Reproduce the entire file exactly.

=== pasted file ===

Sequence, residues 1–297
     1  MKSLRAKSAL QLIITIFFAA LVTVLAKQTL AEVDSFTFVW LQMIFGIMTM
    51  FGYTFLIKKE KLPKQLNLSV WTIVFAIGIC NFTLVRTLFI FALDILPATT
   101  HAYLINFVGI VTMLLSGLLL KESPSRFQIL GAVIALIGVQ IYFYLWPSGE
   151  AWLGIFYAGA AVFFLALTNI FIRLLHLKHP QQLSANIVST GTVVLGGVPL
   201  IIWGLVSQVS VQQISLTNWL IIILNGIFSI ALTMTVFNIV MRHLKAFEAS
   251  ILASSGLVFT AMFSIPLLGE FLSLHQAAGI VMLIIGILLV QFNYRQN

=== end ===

Sequence, residues 1–297
     1  MKSLRAKSAL QLIITIFFAA LVTVLAKQTL AEVDSFTFVW LQMIFGIMTM
    51  FGYTFLIKKE KLPKQLNLSV WTIVFAIGIC NFTLVRTLFI FALDILPATT
   101  HAYLINFVGI VTMLLSGLLL KESPSRFQIL GAVIALIGVQ IYFYLWPSGE
   151  AWLGIFYAGA AVFFLALTNI FIRLLHLKHP QQLSANIVST GTVVLGGVPL
   201  IIWGLVSQVS VQQISLTNWL IIILNGIFSI ALTMTVFNIV MRHLKAFEAS
   251  ILASSGLVFT AMFSIPLLGE FLSLHQAAGI VMLIIGILLV QFNYRQN